Apr 15

No Fooling Around; Put Wright On DL

They wouldn’t be the New York Mets if they didn’t have adversity. First they opened the season without three key relievers. Then they lose Zack Wheeler to injury and Jenrry Mejia to stupidity.

WRIGHT: Facing DL with hamstring pull. (AP)

WRIGHT: Facing DL with hamstring pull. (AP)

Now they face losing David Wright indefinitely with a pulled right hamstring. Wright is undergoing a MRI this morning and Eric Campbell has already been flown in. Wright will go to the disabled list, but with this type of injury, for how long is anybody’s guess.

They’ve played fast and loose with injuries – including to Wright before – but they can’t afford to screw around this time. Wright needs to go on the DL, and even admitted as such.

Several times Wright – by his own admission – foolishly tried to play through an injury. He tried to test it last night, but left the field quickly.

“`I knew it was something bad,” said manager Terry Collins, who added normally would wrap it up and play the next day.

Not this time and Wright knows it.

In a concession to age and experience, not to mention leadership, Wright said: “The last thing I want to do is go out there and do what I did a couple of years ago, where I feel something, you don’t say anything, you try to play through it and you end up missing a significant amount of time rather than something that’s relatively shorter.”

Wright’s injury exposed the Mets’ thin bench as back-up catcher Anthony Recker played first base.

The Mets also considered using Lucas Duda, but that would have left Recker playing first. They could have also used Daniel Murphy. They had other options, but none of them good.

It was a close game and they were lucky nothing happened. They are obviously exposed and it came close to biting them last night.

GM Sandy Alderson might not like it, but he must put together a conventional roster.

 

 

Apr 07

Mets’ Mejia Goes On DL; Bullpen In Flux

Who didn’t see this one coming for the Mets?

When Jenrry Mejia ran from the bullpen to the dugout – without stopping at the mound – at the start of the ninth inning Monday, there was no way that could have been good news.

MEJIA: Goes on DL. (AP)

MEJIA: Goes on DL. (AP)

It wasn’t, as a MRI and X-rays showed inflammation at the back of his right elbow, which landed him on the disabled list today (back-dated to Sunday). Replacing Mejia on the roster will be reliever Erik Goeddel, which keeps the pen at eight.

The Mets’ bullpen is in a state of flux, with Jeurys Familia assuming the closer role and Carlos Torres taking over as the eighth-inning set-up reliever. Game situations could dictate otherwise, but prospect Rafael Montero could get the seventh inning.

Montero, who failed to make the team as a starter, will get more work as the seventh-inning reliever than in long relief. That’s a positive decision by manager Terry Collins. Also positive is to go with Familia as the closer than use a closer-by-committee tactic. That rarely works and all too often leaves the relievers confused about their roles.

It has been a miserable spring for the Mets’ bullpen with Bobby Parnell, Josh Edgin, Vic Black and now Mejia on the disabled list. All but Black have had Tommy John surgery.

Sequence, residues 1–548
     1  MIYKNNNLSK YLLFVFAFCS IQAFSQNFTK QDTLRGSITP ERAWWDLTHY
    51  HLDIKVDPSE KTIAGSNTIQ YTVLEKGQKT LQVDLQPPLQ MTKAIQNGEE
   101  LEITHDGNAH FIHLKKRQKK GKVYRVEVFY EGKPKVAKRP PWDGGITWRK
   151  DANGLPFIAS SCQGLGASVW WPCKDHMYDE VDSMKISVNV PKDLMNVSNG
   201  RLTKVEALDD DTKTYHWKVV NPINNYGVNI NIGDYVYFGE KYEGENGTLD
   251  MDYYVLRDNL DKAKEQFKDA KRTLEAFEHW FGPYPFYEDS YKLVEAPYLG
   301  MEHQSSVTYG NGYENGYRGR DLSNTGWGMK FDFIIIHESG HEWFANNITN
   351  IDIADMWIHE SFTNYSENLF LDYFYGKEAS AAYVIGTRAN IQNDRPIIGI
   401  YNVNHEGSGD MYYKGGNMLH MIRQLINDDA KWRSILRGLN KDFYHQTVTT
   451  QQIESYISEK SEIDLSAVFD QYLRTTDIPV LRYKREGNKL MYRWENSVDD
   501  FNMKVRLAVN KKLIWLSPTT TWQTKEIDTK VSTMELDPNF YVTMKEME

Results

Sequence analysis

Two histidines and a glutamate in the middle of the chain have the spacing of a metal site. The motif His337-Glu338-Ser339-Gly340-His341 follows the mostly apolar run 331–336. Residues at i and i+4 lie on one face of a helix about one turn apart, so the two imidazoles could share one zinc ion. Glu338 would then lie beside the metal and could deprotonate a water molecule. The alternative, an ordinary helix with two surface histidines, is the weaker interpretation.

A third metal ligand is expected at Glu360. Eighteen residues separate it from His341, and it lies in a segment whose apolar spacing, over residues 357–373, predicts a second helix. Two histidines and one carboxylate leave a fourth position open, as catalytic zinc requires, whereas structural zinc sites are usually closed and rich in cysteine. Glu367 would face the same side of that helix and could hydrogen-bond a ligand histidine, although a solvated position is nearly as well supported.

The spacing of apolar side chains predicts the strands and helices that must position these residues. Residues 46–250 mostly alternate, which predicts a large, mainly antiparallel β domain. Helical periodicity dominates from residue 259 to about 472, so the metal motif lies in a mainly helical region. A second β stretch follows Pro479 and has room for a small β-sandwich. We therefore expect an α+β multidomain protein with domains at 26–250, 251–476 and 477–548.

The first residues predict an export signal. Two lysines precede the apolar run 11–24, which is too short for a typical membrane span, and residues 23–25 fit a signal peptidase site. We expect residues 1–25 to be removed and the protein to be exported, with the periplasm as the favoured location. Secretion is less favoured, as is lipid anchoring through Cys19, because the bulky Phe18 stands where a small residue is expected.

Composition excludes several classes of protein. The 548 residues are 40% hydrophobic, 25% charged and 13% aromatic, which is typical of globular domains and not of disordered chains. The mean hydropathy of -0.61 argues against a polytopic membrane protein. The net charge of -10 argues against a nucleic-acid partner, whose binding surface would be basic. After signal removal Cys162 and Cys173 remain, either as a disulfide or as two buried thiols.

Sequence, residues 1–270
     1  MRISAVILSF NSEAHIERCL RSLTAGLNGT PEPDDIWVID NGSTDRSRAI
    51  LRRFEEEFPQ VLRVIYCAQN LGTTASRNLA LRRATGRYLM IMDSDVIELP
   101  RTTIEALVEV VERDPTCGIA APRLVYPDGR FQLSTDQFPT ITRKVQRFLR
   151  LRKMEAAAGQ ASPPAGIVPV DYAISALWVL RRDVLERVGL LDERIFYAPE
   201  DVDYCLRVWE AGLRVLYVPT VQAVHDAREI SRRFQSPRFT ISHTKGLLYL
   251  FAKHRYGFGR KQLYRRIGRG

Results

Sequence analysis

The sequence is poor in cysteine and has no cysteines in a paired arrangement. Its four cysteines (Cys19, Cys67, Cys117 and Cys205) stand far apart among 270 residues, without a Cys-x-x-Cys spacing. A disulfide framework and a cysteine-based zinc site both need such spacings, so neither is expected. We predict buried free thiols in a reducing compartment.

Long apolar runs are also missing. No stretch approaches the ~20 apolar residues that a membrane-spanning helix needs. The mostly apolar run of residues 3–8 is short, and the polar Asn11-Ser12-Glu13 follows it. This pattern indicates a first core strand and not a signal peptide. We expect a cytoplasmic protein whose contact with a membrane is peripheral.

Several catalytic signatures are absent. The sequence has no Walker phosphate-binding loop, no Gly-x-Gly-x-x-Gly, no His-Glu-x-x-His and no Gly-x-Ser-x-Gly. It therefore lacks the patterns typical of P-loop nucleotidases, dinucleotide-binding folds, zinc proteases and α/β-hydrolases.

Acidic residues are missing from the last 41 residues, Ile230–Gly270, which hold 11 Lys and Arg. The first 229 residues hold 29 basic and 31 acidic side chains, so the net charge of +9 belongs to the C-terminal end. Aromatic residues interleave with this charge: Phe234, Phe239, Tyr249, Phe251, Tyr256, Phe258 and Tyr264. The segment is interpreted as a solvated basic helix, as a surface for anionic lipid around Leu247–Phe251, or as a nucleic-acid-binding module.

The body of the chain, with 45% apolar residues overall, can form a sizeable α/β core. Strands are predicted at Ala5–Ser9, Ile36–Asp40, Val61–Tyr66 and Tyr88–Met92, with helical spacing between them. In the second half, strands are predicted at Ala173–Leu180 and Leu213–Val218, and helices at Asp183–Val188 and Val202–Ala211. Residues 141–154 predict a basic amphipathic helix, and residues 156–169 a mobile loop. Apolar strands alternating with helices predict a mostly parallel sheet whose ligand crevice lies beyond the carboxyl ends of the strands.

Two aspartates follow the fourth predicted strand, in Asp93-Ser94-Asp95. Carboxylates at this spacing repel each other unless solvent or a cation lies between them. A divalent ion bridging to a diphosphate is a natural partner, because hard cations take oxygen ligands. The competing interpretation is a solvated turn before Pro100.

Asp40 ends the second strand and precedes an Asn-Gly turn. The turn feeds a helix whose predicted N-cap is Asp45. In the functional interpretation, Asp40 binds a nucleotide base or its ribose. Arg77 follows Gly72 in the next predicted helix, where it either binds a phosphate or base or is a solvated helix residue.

The Mets expect Parnell back by the end of the month, but there’s no timetable for Black.

 

Mar 20

Mets Matters: Murphy Could Go On DL; Syndergaard Optioned

The hits keep coming for the Mets, who could start the season with Daniel Murphy on the disabled list with a pulled right hamstring. The initial prognosis was tightness in the hamstring, but after a MRI the injury was called a pulled muscle.

When will GM Sandy Alderson ever learn not to label an injury until all the exams are completed? First Wheeler, then Murphy, then Josh Edgin, then Vic Black … one day it is one thing and the next it is something else, usually worse.

mets mattersAnd, let’s not forget Bobby Parnell, who has been pushed back again, this time from today until tomorrow.

“He’ll be out a week or so, maybe a little longer,’’ Alderson told reporters about Murphy’s injury. “Hamstrings take longer than people want to admit.’’

Alderson also said today either prospect Matt Reynolds or Danny Muno could make the roster coming out of spring training if Murphy is placed on the disabled list.

SYNDERGAARD OPTIONED: If a player on the 40-man roster is still camp by then end of today and is injured, he is entitled to major league service time if the injury extends into the start of the season.

Given that, it is easy to understand why Noah Syndergaard, who took a baseball off his left ankle Thursday – while playing catch of all things – was optioned to the minor league camp.

Syndergaard had X-rays taken and Alderson said the prospect is “more or less fine,’’ which means this is was purely done for long-range economic reasons.

ALDERSON ENDORSES FLORES: Murphy’s injury will not forced the Mets to move Wilmer Flores to second base and use Ruben Tejada at shortstop.

“Wilmer is the shortstop. Wilmer is the shortstop,’’ Alderson said. “It’s taken us this long to convince you guys that Wilmer is the shortstop.’’

EXTRA INNINGS: Bartolo Colon, who gave up two runs on six hits in 4.2 innings in Friday’s 5-4 victory over St. Louis, is currently lined up to be the Opening Day starter. … Steven Matz is scheduled to start Saturday.